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LLC v. City of Minneapolis

Supreme Court of Minnesota

September 25, 2013

Court of Appeals 500, LLC, Appellant,
v.
City of Minneapolis, Respondent

Karl E. Robinson, Hellmuth & Johnson, PLLC, Edina, Minnesota, for appellant.

Susan L. Segal, Minneapolis City Attorney, Erik E. Nilsson, Darla J. Boggs, Assistant City Attorneys, Minneapolis, Minnesota, for respondent.

Stras, J. Concurring, Page, J. Took no part, Lillehaug, J.

SYLLABUS

An application to a heritage-preservation commission for a certificate of appropriateness is a "written request relating to zoning" under Minn. Stat. § 15.99, subd. 2(a) (2012).

Reversed and remanded.

OPINION

STRAS, Justice.

The question presented in this case is whether an application to a heritage-preservation commission for a certificate of appropriateness is a "written request relating to zoning" under Minn. Stat. § 15.99, subd. 2(a) (2012). If so, then the respondent, City of Minneapolis ("the City"), had only 60 days to "approve or deny" the application for a certificate of appropriateness submitted by the appellant, 500, LLC ("500 LLC"). See Minn. Stat. § 15.99, subd. 2(a). Because we conclude that an application for a certificate of appropriateness is a "written request relating to zoning" and that the City failed to approve or deny 500 LLC's application within 60 days, we reverse.

I.

500 LLC is a real-estate firm that owns a vacant four-story building ("the property") located at 500 Third Street North in the warehouse district of Minneapolis. 500 LLC seeks to develop the property into an office building. 500 LLC submitted a site plan application to the City in September 2008 to obtain approval of its proposed development. According to the Minneapolis City Code, the purpose of a site plan application is to allow the City to determine whether a proposed development is "compatible with nearby properties, neighborhood character, natural features and plans adopted by the city council." Minneapolis, Minn., Code of Ordinances § 530.10 (2013). The Minneapolis City Council approved 500 LLC's site plan application.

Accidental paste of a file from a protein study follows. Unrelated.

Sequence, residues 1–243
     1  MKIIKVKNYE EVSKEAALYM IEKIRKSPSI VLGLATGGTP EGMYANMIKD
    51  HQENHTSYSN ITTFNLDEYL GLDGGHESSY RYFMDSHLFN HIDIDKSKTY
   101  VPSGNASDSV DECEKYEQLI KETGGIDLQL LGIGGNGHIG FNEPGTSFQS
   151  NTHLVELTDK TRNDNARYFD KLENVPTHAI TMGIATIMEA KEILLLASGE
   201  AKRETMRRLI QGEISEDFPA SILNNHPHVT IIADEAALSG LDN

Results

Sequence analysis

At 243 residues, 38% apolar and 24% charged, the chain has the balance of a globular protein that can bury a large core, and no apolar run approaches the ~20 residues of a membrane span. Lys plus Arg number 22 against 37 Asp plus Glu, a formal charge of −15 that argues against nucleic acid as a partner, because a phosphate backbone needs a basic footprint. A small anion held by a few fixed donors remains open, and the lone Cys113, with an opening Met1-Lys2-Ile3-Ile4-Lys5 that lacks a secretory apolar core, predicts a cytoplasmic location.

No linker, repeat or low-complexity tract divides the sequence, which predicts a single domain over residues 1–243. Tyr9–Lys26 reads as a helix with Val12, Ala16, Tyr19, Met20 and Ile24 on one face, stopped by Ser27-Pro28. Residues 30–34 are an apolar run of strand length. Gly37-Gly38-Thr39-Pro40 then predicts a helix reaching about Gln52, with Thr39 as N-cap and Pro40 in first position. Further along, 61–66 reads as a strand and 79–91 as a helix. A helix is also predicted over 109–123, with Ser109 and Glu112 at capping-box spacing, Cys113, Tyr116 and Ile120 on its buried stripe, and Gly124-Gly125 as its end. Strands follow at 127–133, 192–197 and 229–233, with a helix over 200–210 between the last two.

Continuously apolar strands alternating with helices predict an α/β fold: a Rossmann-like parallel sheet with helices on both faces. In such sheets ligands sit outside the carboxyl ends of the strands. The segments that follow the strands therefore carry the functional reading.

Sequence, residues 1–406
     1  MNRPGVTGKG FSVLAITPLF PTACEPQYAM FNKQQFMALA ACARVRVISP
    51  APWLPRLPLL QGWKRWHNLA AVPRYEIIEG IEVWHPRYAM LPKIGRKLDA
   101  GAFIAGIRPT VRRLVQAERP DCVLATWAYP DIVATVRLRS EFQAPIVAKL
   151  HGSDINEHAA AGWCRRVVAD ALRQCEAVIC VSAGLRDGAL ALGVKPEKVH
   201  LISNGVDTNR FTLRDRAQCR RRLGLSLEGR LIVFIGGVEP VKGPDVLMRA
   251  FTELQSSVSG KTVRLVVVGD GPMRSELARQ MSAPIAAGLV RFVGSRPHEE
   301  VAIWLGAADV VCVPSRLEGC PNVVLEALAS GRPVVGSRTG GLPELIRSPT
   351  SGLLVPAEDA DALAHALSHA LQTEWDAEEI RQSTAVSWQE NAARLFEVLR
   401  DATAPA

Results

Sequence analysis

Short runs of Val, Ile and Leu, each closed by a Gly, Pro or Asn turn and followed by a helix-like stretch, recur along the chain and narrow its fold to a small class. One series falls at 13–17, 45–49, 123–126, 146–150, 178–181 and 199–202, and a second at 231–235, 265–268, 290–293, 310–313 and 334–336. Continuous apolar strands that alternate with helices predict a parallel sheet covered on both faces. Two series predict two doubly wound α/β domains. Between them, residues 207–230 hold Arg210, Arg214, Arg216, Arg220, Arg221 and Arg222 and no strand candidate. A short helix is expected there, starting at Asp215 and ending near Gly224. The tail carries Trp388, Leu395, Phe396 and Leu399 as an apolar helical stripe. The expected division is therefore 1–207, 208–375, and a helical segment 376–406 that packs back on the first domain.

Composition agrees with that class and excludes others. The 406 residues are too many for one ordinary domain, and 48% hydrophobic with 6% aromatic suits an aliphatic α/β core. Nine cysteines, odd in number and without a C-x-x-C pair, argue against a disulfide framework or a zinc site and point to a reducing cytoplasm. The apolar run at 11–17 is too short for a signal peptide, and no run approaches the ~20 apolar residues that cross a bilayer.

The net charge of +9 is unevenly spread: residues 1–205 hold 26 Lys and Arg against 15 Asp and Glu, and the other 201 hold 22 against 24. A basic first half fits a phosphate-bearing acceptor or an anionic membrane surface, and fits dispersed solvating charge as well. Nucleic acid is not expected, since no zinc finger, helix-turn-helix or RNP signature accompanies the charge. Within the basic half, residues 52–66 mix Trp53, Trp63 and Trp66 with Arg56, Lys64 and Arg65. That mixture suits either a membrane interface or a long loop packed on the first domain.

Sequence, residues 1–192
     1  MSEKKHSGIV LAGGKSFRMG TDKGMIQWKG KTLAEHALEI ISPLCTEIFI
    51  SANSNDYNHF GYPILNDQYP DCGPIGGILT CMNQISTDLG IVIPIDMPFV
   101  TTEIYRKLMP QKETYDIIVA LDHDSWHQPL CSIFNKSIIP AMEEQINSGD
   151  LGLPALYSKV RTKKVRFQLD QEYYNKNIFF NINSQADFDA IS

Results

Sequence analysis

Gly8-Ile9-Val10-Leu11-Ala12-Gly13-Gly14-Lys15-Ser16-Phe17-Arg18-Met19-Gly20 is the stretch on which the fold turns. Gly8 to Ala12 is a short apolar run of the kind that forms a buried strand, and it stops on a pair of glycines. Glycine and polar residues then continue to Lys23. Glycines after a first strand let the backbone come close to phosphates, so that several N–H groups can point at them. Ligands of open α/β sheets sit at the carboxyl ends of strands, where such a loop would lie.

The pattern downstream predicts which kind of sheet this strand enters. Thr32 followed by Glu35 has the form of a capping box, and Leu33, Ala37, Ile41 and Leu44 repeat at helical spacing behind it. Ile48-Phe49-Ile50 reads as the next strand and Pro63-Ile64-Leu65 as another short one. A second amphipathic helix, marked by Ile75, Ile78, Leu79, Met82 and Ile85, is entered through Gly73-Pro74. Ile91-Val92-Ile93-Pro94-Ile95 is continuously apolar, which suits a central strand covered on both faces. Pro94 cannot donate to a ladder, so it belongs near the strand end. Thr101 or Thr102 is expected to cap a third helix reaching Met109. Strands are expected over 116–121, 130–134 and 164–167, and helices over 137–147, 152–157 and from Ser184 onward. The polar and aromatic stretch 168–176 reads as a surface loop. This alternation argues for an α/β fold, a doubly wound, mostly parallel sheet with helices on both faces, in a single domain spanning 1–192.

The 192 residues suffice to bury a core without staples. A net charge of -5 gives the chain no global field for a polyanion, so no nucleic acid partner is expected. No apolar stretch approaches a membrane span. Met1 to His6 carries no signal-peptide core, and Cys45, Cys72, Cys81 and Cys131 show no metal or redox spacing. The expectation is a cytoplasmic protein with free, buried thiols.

Before the City Council reviewed 500 LLC's site plan application, however, the Minneapolis Heritage Preservation Commission ("the Commission") nominated the property for designation as a local historic landmark. The Commission's action placed the property under "interim protection, " which prohibits "destruction or inappropriate alteration [of a nominated property] during the designation process" in the absence of a "certificate of appropriateness." Minneapolis, Minn., Code of Ordinances §§ 599.240, 599.320 (2013).

On May 6, 2009, 500 LLC submitted an application for a certificate of appropriateness to the Commission. Following a public hearing and a series of administrative appeals, the City Council denied the application for a certificate of appropriateness on July 31, 2009. Approximately 10 months later, the City Council approved a resolution designating the property as a local historic landmark. The designation became final and effective on June 5, 2010.[1]

In October 2010, 500 LLC commenced this action against the City. In its complaint, 500 LLC alleged, among other things, that the City violated Minn. Stat. § 15.99, subd. 2(a), because it failed to approve or deny the application for a certificate of appropriateness within 60 days. See Minn. Stat. § 15.99, subd. 2(a) (requiring an agency to "approve or deny within 60 days a written request relating to zoning"). 500 LLC further alleged that the City's failure to approve or deny the application resulted in its automatic approval at the end of the 60-day period. See id. (declaring that an agency's failure to approve or deny "a written request relating to zoning" within 60 days results in the automatic approval of the request). 500 LLC sought a declaratory judgment that its "application for [a] Certificate of Appropriateness [was] approved and granted by operation of law."

At the close of discovery, the district court granted summary judgment to the City.[2] The court recognized that "[c]onventionally, one would believe that historic preservation proceedings and decisions would 'relate to' zoning inasmuch as they may serve to control projects in a manner akin to zoning requirements, or may employ special zoning conditions within historic districts." Even so, the court concluded that Minn. Stat. ยง 15.99, subd. 2(a), did not apply to an application for a certificate of appropriateness because "decisions ...


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